Once you’ve completed all these steps, you can add finishing touches to your outbuilding. This includes any interior work, such as walling, flooring, and fixture installation. Also, don’t forget to maintain the plumbing as needed over the years. This includes checking for leaks and insulating the pipes against freezing.

how to run plumbing to a detached garage

Can I Run Plumbing to My Shed?

In most cases, you can run plumbing to a shed. However, there are a few factors to consider before tackling this project:

  • Check with your local building department about permits, codes, and regulations that apply to running plumbing to a shed. Some areas might have specific requirements for detached structures.
  • Determine the purpose of the plumbing in the shed. Are you planning to install a bathroom, a sink, or a utility area? This will help you plan the layout and choose the appropriate fixtures. You’ll also need to consider your budget!
  • Consider how you will provide water to the shed. You might need to extend the existing water line from your main house. Ensure that the water supply is adequate for your needs.
  • You'll need a way to drain wastewater from the shed. Determine whether you'll connect to an existing sewer line, septic system, or install a separate sewage system.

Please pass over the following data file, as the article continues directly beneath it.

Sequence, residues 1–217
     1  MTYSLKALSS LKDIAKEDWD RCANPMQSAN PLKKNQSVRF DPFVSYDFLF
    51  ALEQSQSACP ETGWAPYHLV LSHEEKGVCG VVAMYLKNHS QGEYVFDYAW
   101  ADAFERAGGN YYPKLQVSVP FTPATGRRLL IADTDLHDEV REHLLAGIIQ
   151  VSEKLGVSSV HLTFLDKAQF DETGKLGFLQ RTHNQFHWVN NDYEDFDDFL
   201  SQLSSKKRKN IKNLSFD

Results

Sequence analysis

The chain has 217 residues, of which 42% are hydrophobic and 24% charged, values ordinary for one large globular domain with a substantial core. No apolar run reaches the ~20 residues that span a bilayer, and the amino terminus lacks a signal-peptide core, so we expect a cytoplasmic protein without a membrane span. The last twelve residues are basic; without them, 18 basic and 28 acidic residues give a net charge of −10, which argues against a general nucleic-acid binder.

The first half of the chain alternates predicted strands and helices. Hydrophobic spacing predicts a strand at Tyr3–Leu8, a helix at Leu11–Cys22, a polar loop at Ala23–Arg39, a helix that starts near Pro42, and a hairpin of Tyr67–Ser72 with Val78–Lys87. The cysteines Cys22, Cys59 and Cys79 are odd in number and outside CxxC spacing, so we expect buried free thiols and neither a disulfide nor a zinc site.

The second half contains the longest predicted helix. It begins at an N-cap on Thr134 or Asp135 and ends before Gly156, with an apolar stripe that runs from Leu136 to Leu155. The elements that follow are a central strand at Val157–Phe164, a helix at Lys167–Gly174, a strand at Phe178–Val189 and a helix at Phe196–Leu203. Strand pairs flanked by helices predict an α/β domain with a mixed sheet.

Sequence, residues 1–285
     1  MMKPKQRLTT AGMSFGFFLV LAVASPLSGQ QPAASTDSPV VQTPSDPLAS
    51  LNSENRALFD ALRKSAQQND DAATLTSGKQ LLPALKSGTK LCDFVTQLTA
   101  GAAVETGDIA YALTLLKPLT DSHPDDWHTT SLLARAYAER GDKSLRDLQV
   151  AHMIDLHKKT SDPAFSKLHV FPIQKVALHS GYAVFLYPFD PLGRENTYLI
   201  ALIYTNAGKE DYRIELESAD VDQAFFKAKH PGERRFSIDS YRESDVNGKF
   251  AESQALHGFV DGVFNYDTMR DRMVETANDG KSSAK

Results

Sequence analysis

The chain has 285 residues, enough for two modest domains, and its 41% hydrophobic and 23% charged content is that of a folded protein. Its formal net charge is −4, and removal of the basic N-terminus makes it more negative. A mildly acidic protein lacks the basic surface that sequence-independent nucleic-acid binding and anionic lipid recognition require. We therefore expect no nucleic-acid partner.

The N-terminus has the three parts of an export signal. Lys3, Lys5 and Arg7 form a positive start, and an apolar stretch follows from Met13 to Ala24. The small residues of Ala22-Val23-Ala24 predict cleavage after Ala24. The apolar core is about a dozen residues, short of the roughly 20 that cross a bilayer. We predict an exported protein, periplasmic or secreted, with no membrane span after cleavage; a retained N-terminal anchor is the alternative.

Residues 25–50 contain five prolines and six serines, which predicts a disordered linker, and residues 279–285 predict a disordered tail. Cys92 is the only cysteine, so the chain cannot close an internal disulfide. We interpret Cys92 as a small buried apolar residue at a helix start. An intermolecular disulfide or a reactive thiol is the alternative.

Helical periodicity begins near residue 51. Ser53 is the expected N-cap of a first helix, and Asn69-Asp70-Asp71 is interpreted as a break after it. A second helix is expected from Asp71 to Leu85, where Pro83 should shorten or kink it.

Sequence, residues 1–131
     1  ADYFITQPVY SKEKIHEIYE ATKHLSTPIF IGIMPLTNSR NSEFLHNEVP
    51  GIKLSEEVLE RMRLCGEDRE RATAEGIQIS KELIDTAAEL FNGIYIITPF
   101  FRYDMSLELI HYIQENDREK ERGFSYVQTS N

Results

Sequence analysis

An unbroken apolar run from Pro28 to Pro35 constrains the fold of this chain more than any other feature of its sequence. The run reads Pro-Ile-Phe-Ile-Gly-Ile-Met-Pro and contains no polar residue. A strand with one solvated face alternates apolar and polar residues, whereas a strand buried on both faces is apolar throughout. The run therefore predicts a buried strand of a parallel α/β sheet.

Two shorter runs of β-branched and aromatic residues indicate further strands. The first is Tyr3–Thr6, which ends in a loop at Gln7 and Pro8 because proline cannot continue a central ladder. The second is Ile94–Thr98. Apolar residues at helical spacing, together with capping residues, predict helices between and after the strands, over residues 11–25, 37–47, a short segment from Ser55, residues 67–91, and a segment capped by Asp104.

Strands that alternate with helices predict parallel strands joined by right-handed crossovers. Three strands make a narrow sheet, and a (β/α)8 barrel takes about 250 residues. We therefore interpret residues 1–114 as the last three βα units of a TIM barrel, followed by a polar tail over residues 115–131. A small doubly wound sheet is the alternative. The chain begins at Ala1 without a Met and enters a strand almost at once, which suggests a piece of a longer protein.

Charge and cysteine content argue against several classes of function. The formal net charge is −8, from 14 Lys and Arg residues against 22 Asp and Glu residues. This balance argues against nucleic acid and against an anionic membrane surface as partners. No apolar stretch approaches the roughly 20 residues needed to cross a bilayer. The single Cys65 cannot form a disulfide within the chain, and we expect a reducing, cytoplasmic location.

• Choose the appropriate pipe material for the plumbing system. PEX and PVC are commonly used for water supply lines, while PVC is often used for drain lines. Copper can also be used for water supply lines. Once you’ve chosen a material, you can add their expense to your budget.
  • If you live in an area with cold weather, you'll need to properly insulate pipes to prevent freezing. Additionally, plan to protect the pipes by burying them and using conduit if necessary.
  • Proper ventilation is crucial to prevent airlock and sewer gas buildup. Install vent pipes that extend above the roofline to ensure proper airflow.
  • Plan the layout for fixtures such as sinks, toilets, and showers. Make sure you have the necessary space and connections for each fixture.
  • Consider future maintenance and repairs. Ensure that the plumbing system is accessible and that shut-off valves are installed for each fixture.

A Word From Our Professional Plumbing Crew

Here at Princeton Plumbing Pros, we hope we explained how to run plumbing to a detached garage. If you’re in the area and this project is beyond your expertise, call our Princeton plumbing contractors. We offer a wide range of plumbing services including installation and repairs. To find out more about the plumbing services you need to have done, contact us today.